God or no God in AA?

Sorry folks, the link to the survey was removed on January 1, 2020. Results of the survey will soon be shared…

By Roger C.

We have an intriguing – and important – survey for you today. It has been put together by our friend, Zach, who has created this survey – about religion and AA – as part and parcel of his PhD at the University of Waterloo in Ontario, Canada. More info from Zach here:

Hello everyone,

If you are a member of Alcoholics Anonymous (AA) and are 18 years of age or older, I am inviting you to participate in a survey on religious and non-religious participation in AA. This research is being done through the University of Waterloo (Canada) and is about better understanding how religious and non-religious worldviews inform experiences and participation in AA. The survey should take only 15 minutes to fill out and all information collected is completely anonymous. There are no details collected that can be attributed to you personally. You can find out more details about the study and your involvement by clicking the link below.

To begin, go to the following webpage:

[Survey Link]

This study has been reviewed and received clearance through University of Waterloo Research Ethics.

19 Responses

  1. John says:

    No truer words have been spoken. Take god out of the not so big book, and attendance will increase tremendously. Also, it will make a bigger book out of the not so big book.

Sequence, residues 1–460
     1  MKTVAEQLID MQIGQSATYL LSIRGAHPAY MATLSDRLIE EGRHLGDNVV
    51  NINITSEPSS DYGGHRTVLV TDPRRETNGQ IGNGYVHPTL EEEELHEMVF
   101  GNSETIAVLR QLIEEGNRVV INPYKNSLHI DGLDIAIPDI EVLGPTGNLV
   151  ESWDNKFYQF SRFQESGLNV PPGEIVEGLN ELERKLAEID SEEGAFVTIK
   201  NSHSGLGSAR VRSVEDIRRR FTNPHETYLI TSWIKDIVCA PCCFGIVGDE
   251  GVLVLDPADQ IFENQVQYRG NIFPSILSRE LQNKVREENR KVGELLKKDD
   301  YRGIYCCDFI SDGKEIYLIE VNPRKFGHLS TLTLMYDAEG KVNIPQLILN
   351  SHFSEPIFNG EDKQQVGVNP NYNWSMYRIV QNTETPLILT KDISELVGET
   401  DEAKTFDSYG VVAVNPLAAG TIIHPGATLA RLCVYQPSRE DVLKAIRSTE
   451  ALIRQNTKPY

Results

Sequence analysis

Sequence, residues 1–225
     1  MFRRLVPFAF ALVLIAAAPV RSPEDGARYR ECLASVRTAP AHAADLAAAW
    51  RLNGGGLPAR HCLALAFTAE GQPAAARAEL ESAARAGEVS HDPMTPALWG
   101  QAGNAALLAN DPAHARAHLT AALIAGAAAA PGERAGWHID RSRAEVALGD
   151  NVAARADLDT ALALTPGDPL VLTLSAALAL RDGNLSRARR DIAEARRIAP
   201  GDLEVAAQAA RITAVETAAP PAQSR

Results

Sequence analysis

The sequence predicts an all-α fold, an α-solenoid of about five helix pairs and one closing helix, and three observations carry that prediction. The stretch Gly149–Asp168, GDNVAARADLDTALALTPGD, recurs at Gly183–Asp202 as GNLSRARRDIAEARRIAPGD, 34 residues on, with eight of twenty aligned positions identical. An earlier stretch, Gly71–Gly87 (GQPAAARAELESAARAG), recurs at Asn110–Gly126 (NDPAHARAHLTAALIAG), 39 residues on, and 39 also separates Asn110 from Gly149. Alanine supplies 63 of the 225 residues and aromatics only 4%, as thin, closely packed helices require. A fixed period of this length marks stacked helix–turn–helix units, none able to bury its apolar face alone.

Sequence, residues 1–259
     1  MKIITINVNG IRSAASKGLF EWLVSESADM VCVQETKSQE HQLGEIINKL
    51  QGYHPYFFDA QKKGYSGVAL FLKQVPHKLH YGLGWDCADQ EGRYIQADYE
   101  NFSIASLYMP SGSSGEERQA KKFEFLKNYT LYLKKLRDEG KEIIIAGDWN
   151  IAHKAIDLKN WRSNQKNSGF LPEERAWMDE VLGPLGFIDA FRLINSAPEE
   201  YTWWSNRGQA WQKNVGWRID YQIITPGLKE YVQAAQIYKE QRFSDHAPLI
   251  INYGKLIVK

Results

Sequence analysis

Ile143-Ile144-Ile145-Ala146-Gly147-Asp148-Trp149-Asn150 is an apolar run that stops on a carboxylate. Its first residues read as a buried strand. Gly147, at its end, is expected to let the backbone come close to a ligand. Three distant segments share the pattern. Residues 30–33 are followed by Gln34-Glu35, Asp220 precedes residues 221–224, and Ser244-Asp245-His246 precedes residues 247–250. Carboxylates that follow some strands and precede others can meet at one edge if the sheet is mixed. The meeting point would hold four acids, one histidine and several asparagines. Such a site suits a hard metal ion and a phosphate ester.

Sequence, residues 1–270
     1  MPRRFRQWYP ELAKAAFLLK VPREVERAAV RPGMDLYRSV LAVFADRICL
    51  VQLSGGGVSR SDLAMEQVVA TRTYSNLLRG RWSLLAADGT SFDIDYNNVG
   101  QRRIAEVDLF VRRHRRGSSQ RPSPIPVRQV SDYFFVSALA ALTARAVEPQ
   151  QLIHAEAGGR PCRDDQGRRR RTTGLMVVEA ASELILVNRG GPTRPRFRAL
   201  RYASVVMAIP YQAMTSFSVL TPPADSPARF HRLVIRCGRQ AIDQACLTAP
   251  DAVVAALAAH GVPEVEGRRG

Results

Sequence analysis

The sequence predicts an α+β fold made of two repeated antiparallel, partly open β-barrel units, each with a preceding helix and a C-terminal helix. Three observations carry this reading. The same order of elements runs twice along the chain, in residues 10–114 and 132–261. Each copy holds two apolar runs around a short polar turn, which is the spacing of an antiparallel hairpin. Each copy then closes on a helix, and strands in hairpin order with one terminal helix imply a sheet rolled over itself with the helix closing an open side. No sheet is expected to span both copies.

2. Bullwinkle says:

    Re: Section 1: Religion, Spirituality and Unbelief. The first category are labels “Aboriginal/Indigenous Spirituality”. Spirituality can be a belief in a nature deity that can be in charge of nature, a place, a biostope, the biosphere, the cosmos, or the universe. Nature worship is often considered the primitive source of modern religious beliefs and can be found in theism, pantheism, deism, polytheism, animism, totemism, shamanism, paganism. Science is not only compatible with atheistic spirituality; it is a profound source of spirituality. When I recognize my place in an immensity of light years and in the passage of ages, when I grasp the intricacy, beauty and subtlety of life, then that soaring feeling, that sense of elation and humility combined, is surely spiritual. Spirituality is just another term for my human feelings of awe and wonder, which are common to me and the religious alike.

    The second category places Buddhism in religion by asking “What religious affiliation were you raised with as a child (5-12 years old)”? From my frame of reference, this survey appears to be based on a Western point of view of Buddhism as a religion. Buddhism is a philosophy, not a religion. Siddhartha Gautama a Hindu, the historical Buddha and founder of Buddhism, which means enlightened one, practiced a philosophy that aimed for liberation from conceptual thought and the relinquishing of all views. The philosophy of Buddhism is simply a tool to reach that goal. Everyone in Buddhism that becomes enlightened is Buddha.